Jan Matsuzaki: the Aston Martin tyre guru set to shape F1 title race — MPH


Why can Red Bull and Aston Martin run their tyres at a lower pressure than F1 rivals? Step forward Jan Matsuzaki who has an acute understanding of race rubber

Sebastian Vettel with Jan Matsuzaki

Since teaming up with Matsuzaki at Aston Martin, Sebastian Vettel has seen spectacular gains from tyre strategy


Might Jan Matsuzaki turn out to be one the most influential people in determining the shape of this year’s world championship?

Who is he? He’s a senior engineer with the Aston Martin F1 team and has been there many years under its various names. Prior to that he was Bridgestone Motorsport’s chief engineer. He’s an exceptionally knowledgeable tyre guy and very much at the centre of that team’s always sharp understanding of how to extract performance from the rubber.

Recall that it was this team – then named Force India – which first figured out you could get better stint durations from the 2013 Pirellis by mounting the rears back-to-front? Recall the many remarkable stint lengths over the years which allowed the team to finish way better than it qualified? Significantly, the best examples of this were invariably with Sergio Perez who worked very closely with Matsuzaki and learned a lot.

You can bet Vettel is listening very carefully to the guidance of Matsuzaki

Every time there was a change of tyre spec, Force India’s results tended to be boosted. He was an intrinsic part of why the team in its underfunded days could punch above its weight. This year there was a tyre change and an aero change, both of which have had fundamental effects on the competitive order. The Aston’s low-rake concept was not well-suited to the aero change and the team lost the competitiveness of 2020’s pink Mercedes, aka Racing Point. But recently the team has been transcending the competitive level of its car in the races – by getting much better tyre usage than the cars it qualifies around.

As you can read elsewhere on this site, getting the balance of tyre temperatures right between front and rear axles and between qualifying and race has become a whole lot more difficult with this year’s tyres and cars.  But Aston seems to have got the best handle on it; witness Sebastian Vettel’s spectacular overcutting exploits in both Monaco and Baku. You can bet Vettel is listening very carefully to the guidance of Matsuzaki in how he and his team plan his races.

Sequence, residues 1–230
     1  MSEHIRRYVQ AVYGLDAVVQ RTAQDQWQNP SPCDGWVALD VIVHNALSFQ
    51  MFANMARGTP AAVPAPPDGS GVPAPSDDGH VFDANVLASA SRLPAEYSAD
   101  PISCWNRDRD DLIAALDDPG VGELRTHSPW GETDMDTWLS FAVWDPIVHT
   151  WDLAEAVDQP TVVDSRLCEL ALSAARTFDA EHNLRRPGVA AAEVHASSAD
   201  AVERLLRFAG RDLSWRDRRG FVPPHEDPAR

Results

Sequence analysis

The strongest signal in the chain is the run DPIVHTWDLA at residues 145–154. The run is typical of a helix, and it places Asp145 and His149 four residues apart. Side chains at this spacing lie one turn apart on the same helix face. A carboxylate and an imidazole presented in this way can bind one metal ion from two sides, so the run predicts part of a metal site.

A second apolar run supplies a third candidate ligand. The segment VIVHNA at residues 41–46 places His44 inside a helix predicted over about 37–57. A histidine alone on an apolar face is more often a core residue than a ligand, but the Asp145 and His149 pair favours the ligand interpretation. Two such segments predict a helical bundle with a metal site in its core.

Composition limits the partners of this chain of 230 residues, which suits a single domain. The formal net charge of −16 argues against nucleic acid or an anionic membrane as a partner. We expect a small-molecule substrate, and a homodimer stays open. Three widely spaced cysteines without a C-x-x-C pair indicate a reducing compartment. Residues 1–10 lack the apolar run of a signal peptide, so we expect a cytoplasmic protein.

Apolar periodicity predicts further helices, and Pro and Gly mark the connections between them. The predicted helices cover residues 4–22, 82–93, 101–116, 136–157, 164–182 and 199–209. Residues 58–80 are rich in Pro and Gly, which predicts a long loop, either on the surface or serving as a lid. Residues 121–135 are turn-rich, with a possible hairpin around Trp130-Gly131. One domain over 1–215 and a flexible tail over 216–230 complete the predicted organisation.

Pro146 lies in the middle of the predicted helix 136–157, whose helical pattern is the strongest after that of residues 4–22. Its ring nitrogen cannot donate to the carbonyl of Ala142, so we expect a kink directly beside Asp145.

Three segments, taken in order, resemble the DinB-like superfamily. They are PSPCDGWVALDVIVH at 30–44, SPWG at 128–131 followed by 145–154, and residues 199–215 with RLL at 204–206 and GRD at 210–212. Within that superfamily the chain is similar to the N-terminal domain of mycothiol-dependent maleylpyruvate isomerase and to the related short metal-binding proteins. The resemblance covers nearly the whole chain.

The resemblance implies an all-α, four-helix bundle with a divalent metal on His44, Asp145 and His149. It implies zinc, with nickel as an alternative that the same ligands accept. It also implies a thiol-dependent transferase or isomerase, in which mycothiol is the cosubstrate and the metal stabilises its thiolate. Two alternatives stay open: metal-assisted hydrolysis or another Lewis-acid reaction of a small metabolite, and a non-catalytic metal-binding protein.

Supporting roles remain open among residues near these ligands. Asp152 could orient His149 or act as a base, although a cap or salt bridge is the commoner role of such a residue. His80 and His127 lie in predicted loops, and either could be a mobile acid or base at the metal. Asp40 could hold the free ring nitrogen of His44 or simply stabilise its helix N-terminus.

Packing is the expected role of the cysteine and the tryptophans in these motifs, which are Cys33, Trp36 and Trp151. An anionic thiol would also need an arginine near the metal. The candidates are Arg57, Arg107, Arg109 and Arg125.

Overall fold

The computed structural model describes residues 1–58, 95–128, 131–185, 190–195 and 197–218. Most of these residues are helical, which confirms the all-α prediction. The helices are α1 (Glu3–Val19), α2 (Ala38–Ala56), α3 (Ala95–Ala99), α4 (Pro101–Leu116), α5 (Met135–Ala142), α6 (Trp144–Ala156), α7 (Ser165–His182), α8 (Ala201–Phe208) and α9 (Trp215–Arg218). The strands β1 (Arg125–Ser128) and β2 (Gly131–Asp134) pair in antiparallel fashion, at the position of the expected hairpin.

Related article

Red Bull recruited Perez as an experienced old hand to back up Max Verstappen’s title campaign in a way that the Red Bull junior drivers of late had not been able to. But they may have got more than they even realised – for he brought with him not only experience of the Mercedes engine but of years of in-depth tyre understanding from his time at Force India/Racing Point.

Look which two teams found a way to legally run the Pirelli pressures lower than anyone else: Red Bull and Aston Martin. Sure, that’s what led to the blow-outs in Baku. But as Pirelli’s Mario Isola explained yesterday, that was down to Pirelli not correctly simulating the actual loads the tyres would be subject to there – because they hadn’t understood the extent to which these two teams had found ways of minimising the running pressures. “Not because the teams were doing something against the regulations,” he emphasised, “but because they were looking, as usual, for performance and that created a different scenario compared to what we were expecting, and the different scenario was that mainly the tyres were running at a lower pressure compared to expectations.

“If you go for a bit lower pressure you will get some performance”

“Because in the regulation it is not written what is the running pressure that you have to respect. So I cannot say they are doing something against the regulation in search of more performance because if they respect the starting pressure, at the moment, they are complying with the regulations… they are here racing, they are not here just to cruise around the track. And that means, looking for performance, we know that if you go for a bit lower pressure you will get some performance. That means they are looking for performance and the running parameters were not in line with our prediction.”

Related article

So now that Pirelli has reacted to the blow-outs by increasing the minimum pressures by 2psi to keep them away from the pressure threshold at which a standing wave is created in the inner sidewall (the cause of the blow-outs), that performance advantage will now be gone, right? No.

“That knowledge will still allow anyone who had found a way to minimise pressures in running conditions to do the same as before,” stressed Isola. The higher pressures will prevent that threshold being breached, but if you could run lower than the others before, you’ll still be able to do so now. Just hopefully not at levels where that sidewall gets the standing wave energy pattern.

Let’s see what happens next.